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Music Provides Children More than a Melody

by: Claire Haas, Vice President of Education, Kiddie Academy

As parents, we know the power of music. We sing to our children to make them smile, to help them go to sleep, and to get them to clean up their toys. But, the impact music has on cognitive and social development in young children is staggering.

Several studies by the American Association for the Advancement of Science based at Brown University explored the effects of music education on young children’s learning. The conclusions of these studies support the theory that music instruction can help build intellectual and emotional skills, facilitate children’s learning and strengthen other academic areas, such as reading and math.

At Kiddie Academy educational childcare centers across the U.S., music is used not only as a successful transition and cross-over activity, but also as a vehicle to promoting school-readiness skills like literacy and listening acuity in preschool age children.

In fact, we see the power of introducing music to children every day, in hundreds of classrooms across the country. Music, especially when paired with movement, can improve a child’s gross motor skills and improve her listening skills. In addition, music can play a strong role in boosting a child’s social skills and can also help to teach diversity. Kiddie Academy teachers utilize a wide range of music styles in our classrooms, from classical to jazz, often giving children their first introduction to a new music style they may love.

Here are a few ideas for adding more music to your child’s daily routine:

  • · Visit your local library and borrow a selection of music CDs from artists or genres you’ve never experienced. Listen to them with your child and discuss what you like or don’t like about each.
  • · Choose music over television whenever you can. We often use TV as “background” during other activities. Switch to music instead.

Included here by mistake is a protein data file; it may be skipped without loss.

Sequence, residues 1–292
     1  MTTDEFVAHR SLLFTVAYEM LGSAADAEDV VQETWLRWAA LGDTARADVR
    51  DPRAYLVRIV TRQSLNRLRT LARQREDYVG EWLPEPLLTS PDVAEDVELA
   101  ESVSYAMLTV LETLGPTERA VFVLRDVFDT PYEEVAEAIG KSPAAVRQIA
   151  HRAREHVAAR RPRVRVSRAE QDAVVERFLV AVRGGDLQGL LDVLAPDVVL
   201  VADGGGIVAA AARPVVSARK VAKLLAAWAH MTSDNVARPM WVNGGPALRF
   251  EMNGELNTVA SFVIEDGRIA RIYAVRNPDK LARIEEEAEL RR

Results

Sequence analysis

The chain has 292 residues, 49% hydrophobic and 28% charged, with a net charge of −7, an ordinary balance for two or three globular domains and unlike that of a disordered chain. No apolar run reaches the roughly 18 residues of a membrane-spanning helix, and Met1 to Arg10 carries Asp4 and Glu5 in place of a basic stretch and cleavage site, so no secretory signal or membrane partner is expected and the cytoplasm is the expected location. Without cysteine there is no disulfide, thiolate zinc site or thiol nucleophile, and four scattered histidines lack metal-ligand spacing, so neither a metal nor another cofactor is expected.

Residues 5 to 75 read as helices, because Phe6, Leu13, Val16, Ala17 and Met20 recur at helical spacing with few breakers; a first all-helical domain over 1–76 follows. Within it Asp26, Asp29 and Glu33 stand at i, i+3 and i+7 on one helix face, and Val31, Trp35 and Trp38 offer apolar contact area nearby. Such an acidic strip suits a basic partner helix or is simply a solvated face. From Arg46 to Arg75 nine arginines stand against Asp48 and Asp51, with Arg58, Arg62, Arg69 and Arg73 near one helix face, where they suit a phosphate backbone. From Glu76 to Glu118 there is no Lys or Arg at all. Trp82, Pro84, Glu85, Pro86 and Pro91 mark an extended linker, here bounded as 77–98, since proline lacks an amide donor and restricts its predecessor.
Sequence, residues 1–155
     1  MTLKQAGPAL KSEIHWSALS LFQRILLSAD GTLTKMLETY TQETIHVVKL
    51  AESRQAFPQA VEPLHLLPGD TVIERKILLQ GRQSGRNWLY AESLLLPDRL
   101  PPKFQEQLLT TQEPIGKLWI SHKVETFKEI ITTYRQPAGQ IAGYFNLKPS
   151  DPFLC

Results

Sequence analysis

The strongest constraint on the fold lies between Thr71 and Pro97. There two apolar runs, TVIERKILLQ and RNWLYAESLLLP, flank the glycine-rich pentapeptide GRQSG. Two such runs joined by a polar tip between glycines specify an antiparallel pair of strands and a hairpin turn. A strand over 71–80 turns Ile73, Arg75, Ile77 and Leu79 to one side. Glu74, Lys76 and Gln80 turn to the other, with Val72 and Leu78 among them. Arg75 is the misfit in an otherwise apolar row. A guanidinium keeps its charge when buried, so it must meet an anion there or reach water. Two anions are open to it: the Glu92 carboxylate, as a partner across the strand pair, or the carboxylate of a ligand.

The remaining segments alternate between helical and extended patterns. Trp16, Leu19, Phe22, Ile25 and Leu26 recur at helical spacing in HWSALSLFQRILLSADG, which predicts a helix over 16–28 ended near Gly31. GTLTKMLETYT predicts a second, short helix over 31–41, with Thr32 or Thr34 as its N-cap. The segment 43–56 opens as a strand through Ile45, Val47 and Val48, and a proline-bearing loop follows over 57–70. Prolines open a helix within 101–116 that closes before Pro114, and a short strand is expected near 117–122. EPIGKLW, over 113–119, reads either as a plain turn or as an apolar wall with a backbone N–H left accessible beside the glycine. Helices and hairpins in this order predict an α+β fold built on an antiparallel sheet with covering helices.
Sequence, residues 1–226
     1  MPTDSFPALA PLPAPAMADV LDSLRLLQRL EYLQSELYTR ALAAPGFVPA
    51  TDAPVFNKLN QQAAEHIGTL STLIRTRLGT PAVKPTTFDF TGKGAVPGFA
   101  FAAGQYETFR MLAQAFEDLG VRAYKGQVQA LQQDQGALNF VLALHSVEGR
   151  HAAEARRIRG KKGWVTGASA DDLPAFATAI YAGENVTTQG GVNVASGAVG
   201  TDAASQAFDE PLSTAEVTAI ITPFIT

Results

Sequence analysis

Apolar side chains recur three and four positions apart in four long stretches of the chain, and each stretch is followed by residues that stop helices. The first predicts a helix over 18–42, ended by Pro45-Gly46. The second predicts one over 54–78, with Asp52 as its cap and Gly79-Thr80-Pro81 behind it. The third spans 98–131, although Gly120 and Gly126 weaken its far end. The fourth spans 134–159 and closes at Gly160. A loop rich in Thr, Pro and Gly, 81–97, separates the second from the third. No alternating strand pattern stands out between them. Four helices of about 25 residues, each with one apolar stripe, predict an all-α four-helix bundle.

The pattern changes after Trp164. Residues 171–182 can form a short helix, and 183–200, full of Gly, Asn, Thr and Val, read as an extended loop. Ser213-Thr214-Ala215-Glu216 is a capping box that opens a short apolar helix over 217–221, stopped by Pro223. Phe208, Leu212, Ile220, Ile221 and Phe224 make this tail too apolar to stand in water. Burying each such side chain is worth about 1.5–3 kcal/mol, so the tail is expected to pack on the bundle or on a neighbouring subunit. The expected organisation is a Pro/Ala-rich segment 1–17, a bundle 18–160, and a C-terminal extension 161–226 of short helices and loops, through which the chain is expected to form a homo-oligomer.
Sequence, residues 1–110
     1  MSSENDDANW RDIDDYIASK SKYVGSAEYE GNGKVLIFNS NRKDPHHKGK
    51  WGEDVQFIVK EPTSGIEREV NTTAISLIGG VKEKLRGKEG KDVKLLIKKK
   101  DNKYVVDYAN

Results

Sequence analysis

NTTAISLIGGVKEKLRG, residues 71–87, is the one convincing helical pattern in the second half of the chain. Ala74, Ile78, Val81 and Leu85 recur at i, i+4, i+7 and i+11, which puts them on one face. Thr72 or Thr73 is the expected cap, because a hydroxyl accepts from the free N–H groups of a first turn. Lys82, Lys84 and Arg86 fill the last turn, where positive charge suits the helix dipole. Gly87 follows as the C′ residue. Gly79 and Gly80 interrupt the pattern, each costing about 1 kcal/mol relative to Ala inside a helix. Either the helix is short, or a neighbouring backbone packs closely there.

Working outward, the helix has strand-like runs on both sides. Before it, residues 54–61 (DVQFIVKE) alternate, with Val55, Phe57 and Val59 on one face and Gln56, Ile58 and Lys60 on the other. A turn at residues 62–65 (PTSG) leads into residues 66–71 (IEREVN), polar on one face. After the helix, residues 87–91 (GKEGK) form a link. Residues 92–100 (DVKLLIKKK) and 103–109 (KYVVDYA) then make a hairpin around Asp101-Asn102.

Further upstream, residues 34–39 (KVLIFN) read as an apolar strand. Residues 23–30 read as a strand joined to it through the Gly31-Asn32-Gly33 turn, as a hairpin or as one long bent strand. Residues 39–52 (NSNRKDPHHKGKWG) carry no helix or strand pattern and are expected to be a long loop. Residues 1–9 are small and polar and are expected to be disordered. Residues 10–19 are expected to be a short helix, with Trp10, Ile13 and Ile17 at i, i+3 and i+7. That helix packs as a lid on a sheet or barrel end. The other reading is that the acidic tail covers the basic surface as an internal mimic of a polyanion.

• · Make music a habit in your home. If you have an iPod, place a docking station with speakers in your family room or kitchen. Turn on music while preparing meals, doing dishes or sweeping. Allow family members to create their own playlists.
  • · Play classical or other soothing music in your child’s bedroom at naptime and bedtime.

Kiddie Academy recently announced a new partnership with Kindermusik, a leading provider of early childhood music programs, to offer the Kiddie Academy Music & More program. Beginning in early 2013, many of our academies will add the music enrichment program to their education-based curriculum.

To learn more about Kiddie Academy, including our new music instruction programs, please visit our website at www.kiddieacademy.com.

Bio

Claire Haas is a mom of two who also serves as Vice President of Education for Kiddie Academy, a national network of education-based childcare learning centers.

 

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About Sharon

Sharon is a mom, blogger and wannabe author. Who soon plans to go back to college to finish her degree in the event her aspiring ninja slayer/Youtube star/writing careers do not work out. This is my place to talk about my life family and anything else I think of.


Comments

  1. Nancy Bowers says:

    Music is powerful. I don’t think we have begun to understand its effects on humans. It touches the mind and emotions. Certainly better to be introduced to music while young.

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